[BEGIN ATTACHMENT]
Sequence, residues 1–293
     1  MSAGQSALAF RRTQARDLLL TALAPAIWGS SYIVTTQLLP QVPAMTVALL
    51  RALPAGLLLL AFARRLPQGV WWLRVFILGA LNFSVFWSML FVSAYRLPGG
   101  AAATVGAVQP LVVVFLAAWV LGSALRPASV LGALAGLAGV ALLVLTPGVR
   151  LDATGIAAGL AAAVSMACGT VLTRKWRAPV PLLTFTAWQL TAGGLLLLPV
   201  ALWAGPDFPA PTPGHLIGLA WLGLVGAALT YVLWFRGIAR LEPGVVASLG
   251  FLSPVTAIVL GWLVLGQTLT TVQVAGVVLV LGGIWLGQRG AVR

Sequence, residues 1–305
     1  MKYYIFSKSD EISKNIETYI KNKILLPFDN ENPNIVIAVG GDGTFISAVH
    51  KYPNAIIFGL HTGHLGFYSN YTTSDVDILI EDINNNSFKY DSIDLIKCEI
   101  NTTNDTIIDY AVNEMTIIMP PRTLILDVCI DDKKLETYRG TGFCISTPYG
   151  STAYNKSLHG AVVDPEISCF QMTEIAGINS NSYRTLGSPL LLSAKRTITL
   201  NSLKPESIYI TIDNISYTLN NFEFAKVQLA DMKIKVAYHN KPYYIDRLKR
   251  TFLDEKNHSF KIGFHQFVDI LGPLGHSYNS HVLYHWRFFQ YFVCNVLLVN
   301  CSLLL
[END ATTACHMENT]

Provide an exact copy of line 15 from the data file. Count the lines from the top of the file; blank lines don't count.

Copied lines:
   301  CSLLL